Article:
August Martin High School
QUEENS NY 11434 Map
August Martin High School
August Martin High School is known for its unique aviation program where students learn to fly a plane and earn their pilot certification by graduation. In 2011, the school was deemed one of the lowest performing high schools in the city with only three percent of students considered "college ready."
Targeted for intervention, August Martin was designated a "Restart" school. It was given extra money and matched with a non-profit educational partner organization, the Institute for Student Achievement, that works with the principal and staff to improve the school by redesigning the curriculum, increasing teacher training and adding more academic support for students. "Since Restart, we've been given a lot of new resources and professional development," said Margaret Chew, director of the Culinary Arts Academy.
The school has always offered themed programs, but with the infusion of Restart money, it has created academy-style programs, each headed by an experienced teacher who oversees the program while also teaching a reduced schedule of classes. The themed academies start in the 10th grade. All 9th graders attend daily small group advisories and are enrolled in the Freshman Academy, designed to help them acclimate to high school.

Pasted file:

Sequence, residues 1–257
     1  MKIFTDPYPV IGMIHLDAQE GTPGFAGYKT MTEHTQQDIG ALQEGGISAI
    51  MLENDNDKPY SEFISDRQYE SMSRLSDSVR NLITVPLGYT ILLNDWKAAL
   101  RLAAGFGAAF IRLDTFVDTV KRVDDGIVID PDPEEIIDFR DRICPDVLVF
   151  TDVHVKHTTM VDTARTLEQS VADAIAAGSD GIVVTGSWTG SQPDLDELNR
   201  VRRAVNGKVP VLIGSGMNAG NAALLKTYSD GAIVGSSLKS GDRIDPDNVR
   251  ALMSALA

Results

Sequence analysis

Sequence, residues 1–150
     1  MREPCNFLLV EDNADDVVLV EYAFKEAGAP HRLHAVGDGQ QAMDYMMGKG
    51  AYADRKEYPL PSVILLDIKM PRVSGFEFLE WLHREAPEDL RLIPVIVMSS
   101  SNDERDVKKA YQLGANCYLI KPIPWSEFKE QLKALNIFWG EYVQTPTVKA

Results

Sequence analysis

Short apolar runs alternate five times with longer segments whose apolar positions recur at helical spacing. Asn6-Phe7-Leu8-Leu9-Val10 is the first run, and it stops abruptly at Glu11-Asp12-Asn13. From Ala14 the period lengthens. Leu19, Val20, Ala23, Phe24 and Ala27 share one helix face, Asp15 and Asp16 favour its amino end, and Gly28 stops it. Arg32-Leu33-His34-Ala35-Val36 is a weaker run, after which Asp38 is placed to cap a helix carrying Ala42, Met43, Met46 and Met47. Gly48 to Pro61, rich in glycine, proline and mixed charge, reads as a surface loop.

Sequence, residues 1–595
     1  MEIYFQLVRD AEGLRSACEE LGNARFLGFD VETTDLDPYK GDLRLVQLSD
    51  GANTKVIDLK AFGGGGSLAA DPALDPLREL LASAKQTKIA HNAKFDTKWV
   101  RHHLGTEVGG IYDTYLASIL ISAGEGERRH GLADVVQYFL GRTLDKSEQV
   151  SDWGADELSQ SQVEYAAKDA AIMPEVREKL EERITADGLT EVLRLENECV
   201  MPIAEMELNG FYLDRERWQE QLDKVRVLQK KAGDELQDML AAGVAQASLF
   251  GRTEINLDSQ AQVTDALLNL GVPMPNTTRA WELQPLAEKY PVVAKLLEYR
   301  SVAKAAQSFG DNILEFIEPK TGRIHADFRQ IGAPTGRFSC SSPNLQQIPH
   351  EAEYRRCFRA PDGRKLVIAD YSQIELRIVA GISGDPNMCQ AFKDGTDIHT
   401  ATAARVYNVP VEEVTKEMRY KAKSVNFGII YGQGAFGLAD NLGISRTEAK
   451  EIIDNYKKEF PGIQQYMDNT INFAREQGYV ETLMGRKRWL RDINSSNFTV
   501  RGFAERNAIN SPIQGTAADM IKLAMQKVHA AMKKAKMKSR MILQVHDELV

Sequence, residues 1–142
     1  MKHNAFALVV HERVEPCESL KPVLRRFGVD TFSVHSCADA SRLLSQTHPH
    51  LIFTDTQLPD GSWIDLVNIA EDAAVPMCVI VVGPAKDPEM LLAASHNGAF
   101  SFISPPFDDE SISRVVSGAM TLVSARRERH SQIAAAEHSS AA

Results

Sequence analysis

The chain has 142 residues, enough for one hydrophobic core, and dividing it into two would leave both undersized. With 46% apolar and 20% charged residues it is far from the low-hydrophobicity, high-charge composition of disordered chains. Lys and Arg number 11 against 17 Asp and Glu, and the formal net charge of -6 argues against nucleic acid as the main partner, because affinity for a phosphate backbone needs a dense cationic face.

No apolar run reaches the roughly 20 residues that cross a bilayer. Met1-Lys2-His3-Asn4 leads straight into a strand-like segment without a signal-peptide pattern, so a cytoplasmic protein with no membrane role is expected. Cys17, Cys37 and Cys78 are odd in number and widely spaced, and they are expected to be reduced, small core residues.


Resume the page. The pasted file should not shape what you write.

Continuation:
In the Aerospace Academy, August Martin's well-regarded aviation program, students learn to pilot a plane and get to fly weekly, accompanied by an adult. Students can pursue solo and private pilot certification and can intern during the school year at local airports. Summer internships are available through the College of Aeronautics, York College, Dowling College and SUNY Farmingdale. Students interested in the program must earn at least an 85 average in 9th grade courses at the school to qualify.
The other academies focus on Business and Law, Communication and Culinary Arts. In the Business and Law Academy, students intern at Fortune 500 companies, law firms and law enforcement agencies. In Communication Arts, students get hands-on instruction in television and film production and editing in the school's television studio opened in May, 2011. In Culinary Arts, students learn to cook and study the business side of the industry by catering special events and running an in-school cafe.
There is a College Now program, but only four A.P. classes are offered – calculus, literature, U.S. history and world history.
Most parents and teachers did not respond to the Learning Environment survey, but students reported some gang activity and drug use during school hours, and about half said there were not enough activities and classes to keep them interested in school.
College: Culinary schools are popular choices for students in the Culinary Arts Academy. Some students in the Aerospace Academy take a gap year to obtain additional pilot certifications before going on to traditional two- or four-year college programs.
Admissions: The school is open to all city residents. Queens residents who attend an information sessions are given priority for the Aerospace Academy. (Laura Zingmond, interviews at high school fair, October, 2011.)